# A hard definite integral with trignometric

How could we get a closed form for this one? $$\displaystyle\int_{0}^{\frac{\pi }{2}}{{{x}^{2}}\sqrt{\tan x}\sin \left( 2x \right)\text{d}x}$$

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Why do you expect there to be one? A quick numeric computation and a look at the inverse symbolic calculator gives no match for the number (1.1057733282580962321535756282112900456642421892605) –  mrf Jan 23 '13 at 10:38
@mrf the answer is in terms of pai and logs. I dont know what substitution or other methods are involved. –  Ryan Jan 23 '13 at 10:47
Using @rlgordonma's method, the final result can be written in terms of elementary functions and is given by $\frac{\pi \left(5 \pi ^2-6 \pi (\log (4)-2)-3 (8+(\log (4)-4) \log (4))\right)}{96 \sqrt{2}}$. –  Fabian Jan 23 '13 at 11:21
@Fabian: I get precisely what you get. I take it we have Mathematica in common? And I can simplify what I have presented and present the actual result if it is wanted. –  Ron Gordon Jan 23 '13 at 11:52
@rigordonma I am really interested how to get these value :) –  Ryan Jan 23 '13 at 13:20
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The general method of attack on an integral like this is to recognize that the $x^2$ could be ignored for the time being upon expressing the integral in terms of a suitable parameter which may then be twice differentiated. To wit, after a little manipulatin, I find:

$$\displaystyle \int_{0}^{\frac{\pi}{2}} dx \: {x}^2 \sqrt{\tan x} \sin \left( 2x \right) = 2 \Im{ \int_{0}^{\frac{\pi}{2}} dx \: x^2 e^{i x} \sqrt{\sin{x} \cos{x}}}$$

So consider the following integral:

$$J(\alpha) = \int_{0}^{\frac{\pi}{2}} dx \: e^{i \alpha x} \sqrt{\sin{x} \cos{x}}$$

Note that the integral we seek is

$$\displaystyle \int_{0}^{\frac{\pi}{2}} dx \: {x}^2 \sqrt{\tan x} \sin \left( 2x \right) = -2 \Im{\left [ \frac{\partial^2}{\partial \alpha^2} J(\alpha) \right ]_{\alpha = 1}}$$

It turns out that there is, in fact, a closed for for $J(\alpha)$:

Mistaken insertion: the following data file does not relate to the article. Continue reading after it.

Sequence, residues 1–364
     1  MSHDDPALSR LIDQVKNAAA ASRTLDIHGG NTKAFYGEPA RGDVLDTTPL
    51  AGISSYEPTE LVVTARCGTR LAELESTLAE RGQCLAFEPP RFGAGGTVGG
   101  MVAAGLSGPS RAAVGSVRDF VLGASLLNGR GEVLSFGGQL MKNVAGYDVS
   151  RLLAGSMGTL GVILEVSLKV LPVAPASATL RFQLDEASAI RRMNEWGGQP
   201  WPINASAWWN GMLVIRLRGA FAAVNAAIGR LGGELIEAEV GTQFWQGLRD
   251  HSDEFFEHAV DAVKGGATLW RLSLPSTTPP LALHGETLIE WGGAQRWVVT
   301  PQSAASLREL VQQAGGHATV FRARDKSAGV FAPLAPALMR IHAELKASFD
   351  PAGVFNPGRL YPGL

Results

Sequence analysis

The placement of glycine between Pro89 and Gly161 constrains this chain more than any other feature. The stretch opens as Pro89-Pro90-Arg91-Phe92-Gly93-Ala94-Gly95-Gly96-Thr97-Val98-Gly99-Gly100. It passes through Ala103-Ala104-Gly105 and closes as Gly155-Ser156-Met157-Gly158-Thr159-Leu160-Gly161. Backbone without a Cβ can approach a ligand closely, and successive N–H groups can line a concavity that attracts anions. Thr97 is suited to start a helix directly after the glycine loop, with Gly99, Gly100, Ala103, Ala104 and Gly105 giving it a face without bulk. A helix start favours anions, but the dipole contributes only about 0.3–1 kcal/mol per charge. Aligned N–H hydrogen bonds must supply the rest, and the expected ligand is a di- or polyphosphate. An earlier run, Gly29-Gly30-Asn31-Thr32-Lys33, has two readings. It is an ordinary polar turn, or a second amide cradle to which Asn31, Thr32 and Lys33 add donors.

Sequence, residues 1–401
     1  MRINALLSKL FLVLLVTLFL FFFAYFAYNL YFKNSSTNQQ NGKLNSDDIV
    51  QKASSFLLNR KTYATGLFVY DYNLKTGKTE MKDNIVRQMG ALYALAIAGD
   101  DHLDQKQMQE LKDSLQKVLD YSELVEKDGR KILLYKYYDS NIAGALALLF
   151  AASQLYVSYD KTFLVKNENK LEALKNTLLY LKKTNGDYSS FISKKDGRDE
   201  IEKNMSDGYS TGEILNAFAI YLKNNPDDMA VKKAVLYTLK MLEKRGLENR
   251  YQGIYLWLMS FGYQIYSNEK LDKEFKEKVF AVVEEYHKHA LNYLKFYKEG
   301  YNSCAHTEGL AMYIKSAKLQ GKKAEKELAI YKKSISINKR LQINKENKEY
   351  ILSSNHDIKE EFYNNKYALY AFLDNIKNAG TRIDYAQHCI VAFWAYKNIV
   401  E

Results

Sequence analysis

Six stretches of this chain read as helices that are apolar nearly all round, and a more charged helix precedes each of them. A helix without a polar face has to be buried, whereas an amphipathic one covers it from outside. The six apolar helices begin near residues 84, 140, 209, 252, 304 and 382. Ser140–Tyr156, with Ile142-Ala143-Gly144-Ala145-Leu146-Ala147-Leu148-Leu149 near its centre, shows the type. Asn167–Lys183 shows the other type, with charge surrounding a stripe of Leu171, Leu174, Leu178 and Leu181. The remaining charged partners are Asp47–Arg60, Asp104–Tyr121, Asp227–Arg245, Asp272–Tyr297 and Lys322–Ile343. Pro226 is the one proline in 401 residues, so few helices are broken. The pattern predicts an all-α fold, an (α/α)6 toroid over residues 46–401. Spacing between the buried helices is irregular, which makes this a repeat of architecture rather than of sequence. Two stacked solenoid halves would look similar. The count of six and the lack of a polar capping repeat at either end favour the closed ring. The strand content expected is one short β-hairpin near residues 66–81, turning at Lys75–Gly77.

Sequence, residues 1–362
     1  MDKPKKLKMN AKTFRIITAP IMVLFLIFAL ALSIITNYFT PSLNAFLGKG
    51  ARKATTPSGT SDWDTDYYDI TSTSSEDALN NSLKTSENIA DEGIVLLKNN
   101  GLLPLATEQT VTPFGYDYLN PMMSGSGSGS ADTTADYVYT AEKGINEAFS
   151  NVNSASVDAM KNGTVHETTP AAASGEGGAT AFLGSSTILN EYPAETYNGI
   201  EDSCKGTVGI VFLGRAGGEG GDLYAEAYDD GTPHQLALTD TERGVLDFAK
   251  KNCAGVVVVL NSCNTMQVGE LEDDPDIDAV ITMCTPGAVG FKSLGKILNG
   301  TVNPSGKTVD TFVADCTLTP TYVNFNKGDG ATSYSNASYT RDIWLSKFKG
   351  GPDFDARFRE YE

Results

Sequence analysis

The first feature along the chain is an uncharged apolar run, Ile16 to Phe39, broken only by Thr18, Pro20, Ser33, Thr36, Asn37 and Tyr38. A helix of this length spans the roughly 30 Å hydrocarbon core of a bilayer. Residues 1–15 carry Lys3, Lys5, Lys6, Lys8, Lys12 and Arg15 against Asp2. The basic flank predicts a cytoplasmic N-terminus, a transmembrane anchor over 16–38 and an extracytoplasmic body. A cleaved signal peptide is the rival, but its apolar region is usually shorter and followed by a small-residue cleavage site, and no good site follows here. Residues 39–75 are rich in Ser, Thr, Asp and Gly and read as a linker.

$$J(\alpha) = -\frac{\left(\frac{1}{16}+\frac{i}{16}\right) \sqrt{\frac{\pi }{2}} \left ( e^{\frac{i \pi a}{2}}-i\right) \Gamma \left(\frac{a-1}{4}\right)}{\Gamma \left ( \frac{a+5}{4} \right )}$$

Plugging this into the above expression, you will find terms including polylogs and harmonic numbers, which I will spare you unless explicitly asked for. But this is how you would get a closed-form expression for your integral.

EDIT

The integral is even nicer when we consider

$$J(\alpha) = \int_{0}^{\frac{\pi}{2}} dx \: \sin{\alpha x} \sqrt{\sin{x} \cos{x}}$$

Then

$$J(\alpha) = \frac{\pi ^{3/2} \sin \left(\frac{\pi a}{4}\right)}{8 \Gamma \left(\frac{5-a}{4}\right) \Gamma \left(\frac{5+a}{4}\right)}$$

and

$$\left [ \frac{\partial^2}{\partial \alpha^2} J(\alpha) \right ]_{\alpha = 1} = \frac{\pi \left(-5 \pi ^2+6 \pi (\log (4)-2)+3 (8+(\log (4)-4) \log (4))\right)}{192 \sqrt{2}}$$

The integral we seek is then

$$\int_0^{\frac{\pi}{2}} dx \: x^2 \sqrt{\tan{x}} \sin{(2 x)} = -2 \left [ \frac{\partial^2}{\partial \alpha^2} J(\alpha) \right ]_{\alpha = 1} = \frac{\pi \left(-24+12 \pi +5 \pi ^2-3 \log ^2(4)+12 \log (4)-6 \pi \log (4)\right)}{96 \sqrt{2}}$$

It turns out that the numerical value of the latter value is about $1.10577$, which agrees with the numerical approximation of the integral mentioned by @mrf and verified in Mathematica.

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Very nice! That was surprising, at least to me. –  mrf Jan 23 '13 at 13:03
@mrf: Thanks. That means a lot given what I've seen you do here. –  Ron Gordon Jan 23 '13 at 20:18